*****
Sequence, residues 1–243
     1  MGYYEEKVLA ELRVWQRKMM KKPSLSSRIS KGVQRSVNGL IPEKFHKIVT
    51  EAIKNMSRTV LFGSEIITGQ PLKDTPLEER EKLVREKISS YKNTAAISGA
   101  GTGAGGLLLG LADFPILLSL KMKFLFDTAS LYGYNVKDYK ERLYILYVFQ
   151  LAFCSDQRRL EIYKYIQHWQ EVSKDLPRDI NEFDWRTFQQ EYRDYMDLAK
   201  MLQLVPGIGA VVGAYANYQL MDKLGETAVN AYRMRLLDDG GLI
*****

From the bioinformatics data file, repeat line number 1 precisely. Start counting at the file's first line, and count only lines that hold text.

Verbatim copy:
Sequence, residues 1–243